“Gods,” Ziah grumbled, “He always does this.” She slammed her hand onto the open ledger and scowled down at it.
Ziah scrunched up her face, “Mal has slept with every single one of my assistants: Robina, Ainsley, Michael, Gretchen.”
“And now you!” she threw up her hands.
“Oh,” Lorelei felt both a pang in her chest and a sneer cross her own face, “We only just met. But, what, this is some game he likes to play?”
“It’s not a game,” she rolled her head back, “He’s just trying to…to prove something to me.”
Lorelei couldn’t see how the situation had to do with Ziah, “I don’t understand.”
She flipped absently through the pile of outgoing mail on the counter, “No, you wouldn’t.”
“Because I’m human.” Lorelei crossed her arms and glared at her.
“Oh gods, it’s already starting.” Ziah took a deep breath and closed her eyes. She placed her hands on Lorelei’s shoulders, her voice sweetening, smile widening, “Lore, I didn’t mean anything by that, okay? My brother just puts me on edge, but I shouldn’t take that out on you. I’m sorry.”
Lorelei suddenly felt light and almost flustered. She giggled, warmth returning to her face, biting her lip and nodding. Then she pulled back, recognizing how similarly she felt to when Malachai spoke to her. She squinted at Ziah, “Yeah, it’s fine.”
“Just be careful around him, okay? Don’t let him trick you or–”
“I’m not stupid,” she said a bit more forcefully than she meant. Ziah nodded and shuffled off to the dining room. When she was gone, Lorelei glanced down at the page in the ledger. Malachai’s name was listed there along with pertinent information that the ledger had recalled on him, and beneath it all, a word in big, bold letters: DANGEROUS.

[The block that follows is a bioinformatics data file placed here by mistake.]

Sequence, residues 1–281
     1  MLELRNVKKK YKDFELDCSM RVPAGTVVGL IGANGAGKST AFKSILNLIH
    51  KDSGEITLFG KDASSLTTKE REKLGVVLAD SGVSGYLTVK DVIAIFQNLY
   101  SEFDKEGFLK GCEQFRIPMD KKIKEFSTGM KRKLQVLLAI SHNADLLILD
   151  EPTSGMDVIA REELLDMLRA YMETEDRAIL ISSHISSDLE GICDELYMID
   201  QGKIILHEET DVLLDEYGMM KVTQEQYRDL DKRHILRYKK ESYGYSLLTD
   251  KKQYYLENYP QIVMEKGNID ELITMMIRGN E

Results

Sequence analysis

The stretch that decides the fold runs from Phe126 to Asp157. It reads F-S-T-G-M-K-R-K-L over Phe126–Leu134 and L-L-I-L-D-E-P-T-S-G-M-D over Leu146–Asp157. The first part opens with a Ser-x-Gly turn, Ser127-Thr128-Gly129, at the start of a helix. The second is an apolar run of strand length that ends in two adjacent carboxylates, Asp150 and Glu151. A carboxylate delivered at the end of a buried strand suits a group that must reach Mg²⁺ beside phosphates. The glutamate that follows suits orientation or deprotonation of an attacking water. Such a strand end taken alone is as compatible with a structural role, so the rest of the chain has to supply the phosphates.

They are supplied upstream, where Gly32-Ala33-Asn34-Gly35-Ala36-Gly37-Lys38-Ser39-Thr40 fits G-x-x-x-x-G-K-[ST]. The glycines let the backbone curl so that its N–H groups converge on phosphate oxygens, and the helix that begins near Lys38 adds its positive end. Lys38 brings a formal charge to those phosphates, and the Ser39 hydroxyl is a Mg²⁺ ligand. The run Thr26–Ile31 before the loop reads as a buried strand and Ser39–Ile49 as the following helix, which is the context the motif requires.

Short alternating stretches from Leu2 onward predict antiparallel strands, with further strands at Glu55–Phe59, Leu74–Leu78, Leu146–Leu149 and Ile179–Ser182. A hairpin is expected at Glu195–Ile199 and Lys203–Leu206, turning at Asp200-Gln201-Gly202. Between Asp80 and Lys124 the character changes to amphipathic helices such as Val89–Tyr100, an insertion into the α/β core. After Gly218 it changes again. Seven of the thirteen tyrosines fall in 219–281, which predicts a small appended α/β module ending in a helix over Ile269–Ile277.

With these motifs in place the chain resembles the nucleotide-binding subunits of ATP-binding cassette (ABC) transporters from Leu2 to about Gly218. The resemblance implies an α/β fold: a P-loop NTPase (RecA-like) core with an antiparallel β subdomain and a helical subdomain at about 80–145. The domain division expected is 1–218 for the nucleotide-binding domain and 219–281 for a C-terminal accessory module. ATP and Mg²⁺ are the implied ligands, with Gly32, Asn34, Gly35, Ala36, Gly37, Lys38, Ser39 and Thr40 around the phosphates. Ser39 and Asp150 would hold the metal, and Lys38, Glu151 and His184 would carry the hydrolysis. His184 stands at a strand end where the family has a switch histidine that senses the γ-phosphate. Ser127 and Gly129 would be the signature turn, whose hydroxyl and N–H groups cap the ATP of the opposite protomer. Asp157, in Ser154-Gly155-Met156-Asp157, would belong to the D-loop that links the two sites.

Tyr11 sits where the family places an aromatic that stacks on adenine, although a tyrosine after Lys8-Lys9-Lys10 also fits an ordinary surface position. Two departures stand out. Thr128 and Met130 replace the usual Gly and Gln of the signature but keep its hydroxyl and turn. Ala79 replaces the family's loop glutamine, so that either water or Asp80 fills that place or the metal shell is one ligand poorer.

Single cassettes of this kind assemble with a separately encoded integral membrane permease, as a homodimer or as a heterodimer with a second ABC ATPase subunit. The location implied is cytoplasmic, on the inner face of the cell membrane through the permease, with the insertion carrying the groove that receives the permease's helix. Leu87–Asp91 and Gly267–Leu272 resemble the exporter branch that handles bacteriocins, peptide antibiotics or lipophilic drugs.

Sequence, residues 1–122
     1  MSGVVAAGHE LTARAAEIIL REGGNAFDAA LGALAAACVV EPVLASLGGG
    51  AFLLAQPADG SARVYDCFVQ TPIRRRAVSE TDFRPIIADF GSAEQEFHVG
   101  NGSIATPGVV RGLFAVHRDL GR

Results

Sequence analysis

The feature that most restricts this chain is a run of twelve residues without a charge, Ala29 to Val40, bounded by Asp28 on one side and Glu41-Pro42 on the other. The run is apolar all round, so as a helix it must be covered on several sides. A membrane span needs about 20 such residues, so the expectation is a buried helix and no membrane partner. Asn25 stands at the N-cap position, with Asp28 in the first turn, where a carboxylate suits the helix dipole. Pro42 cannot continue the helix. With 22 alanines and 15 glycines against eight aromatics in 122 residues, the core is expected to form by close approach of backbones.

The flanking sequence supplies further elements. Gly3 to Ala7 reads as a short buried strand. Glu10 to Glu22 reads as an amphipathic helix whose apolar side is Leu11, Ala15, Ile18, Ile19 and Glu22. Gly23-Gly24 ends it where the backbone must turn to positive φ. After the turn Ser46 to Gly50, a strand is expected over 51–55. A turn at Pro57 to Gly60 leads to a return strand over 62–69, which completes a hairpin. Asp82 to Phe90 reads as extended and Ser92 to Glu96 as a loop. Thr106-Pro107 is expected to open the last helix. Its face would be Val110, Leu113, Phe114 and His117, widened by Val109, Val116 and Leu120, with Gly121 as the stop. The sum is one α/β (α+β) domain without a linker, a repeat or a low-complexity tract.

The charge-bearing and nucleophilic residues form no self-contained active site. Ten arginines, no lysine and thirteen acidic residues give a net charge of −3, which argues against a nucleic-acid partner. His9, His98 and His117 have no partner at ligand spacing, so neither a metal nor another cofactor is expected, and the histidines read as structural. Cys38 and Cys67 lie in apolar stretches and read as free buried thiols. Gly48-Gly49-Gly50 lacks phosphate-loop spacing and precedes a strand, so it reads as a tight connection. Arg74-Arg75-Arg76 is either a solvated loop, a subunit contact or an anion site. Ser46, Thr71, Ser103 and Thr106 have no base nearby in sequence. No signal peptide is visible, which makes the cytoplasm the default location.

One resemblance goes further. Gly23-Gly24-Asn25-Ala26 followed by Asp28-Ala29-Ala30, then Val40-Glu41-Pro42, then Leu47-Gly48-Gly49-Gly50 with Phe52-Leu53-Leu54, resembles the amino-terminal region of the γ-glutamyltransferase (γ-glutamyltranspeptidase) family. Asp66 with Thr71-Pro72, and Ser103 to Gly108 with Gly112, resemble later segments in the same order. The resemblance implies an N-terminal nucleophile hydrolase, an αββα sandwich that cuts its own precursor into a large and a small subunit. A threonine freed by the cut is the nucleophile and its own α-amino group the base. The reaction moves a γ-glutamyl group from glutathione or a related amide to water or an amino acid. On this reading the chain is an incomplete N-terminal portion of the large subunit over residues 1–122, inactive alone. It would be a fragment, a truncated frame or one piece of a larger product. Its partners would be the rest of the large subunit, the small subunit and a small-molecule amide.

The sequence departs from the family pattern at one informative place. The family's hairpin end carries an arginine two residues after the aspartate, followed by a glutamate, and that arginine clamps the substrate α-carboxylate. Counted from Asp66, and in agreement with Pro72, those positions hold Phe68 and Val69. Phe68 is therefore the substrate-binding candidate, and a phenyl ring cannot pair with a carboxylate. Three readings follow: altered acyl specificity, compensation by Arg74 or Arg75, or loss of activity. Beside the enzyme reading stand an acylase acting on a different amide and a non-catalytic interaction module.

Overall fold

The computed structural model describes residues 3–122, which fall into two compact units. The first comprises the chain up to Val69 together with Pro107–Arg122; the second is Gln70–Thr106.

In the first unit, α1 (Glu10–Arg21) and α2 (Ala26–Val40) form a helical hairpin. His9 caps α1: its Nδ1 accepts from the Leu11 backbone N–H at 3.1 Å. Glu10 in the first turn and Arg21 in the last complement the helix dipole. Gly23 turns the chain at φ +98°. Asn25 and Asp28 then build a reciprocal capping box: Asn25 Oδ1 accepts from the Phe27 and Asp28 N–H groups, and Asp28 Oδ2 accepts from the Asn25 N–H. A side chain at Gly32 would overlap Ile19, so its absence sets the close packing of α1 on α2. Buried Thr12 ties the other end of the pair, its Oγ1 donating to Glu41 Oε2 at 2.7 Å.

Lorelei stayed busy that day, not seeing Malachai again, but found him hiding around corners in her mind. She thought she’d hear his voice, but when she looked he wasn’t there, thought she saw his shadow, but it was always someone else. She couldn’t hide the disappointment on her face, and it was hanging heavy over her even at the end of her shift, but Ziah’s cautious words were echoing around her brain as well. But before she clocked out, she organized the mail that had come in that day, a bill from Faust and Sons, a flyer for puca repellent, a package for a guest that was growling, and was so surprised at seeing her own name in a delicate handwriting across a square envelope that she forgot about Malachai and Ziah completely.
She gently slipped the envelope open, inside the same beautiful script:
It is good to learn your name. I cannot say much about what has been left to you in a letter, but please do not think the brooch has come into your possession by mere coincidence or, worse, error. I trust you can do what needs to be done.
Unless of course you cannot which is entirely possible. Gods know many have failed.
I am traveling the Amazon for the time being, so it may be some time before I can be in touch with you again, but keep your eyes open for the signs, my dear, and eventually I will return to the manor. Perhaps then we can discuss more over tea.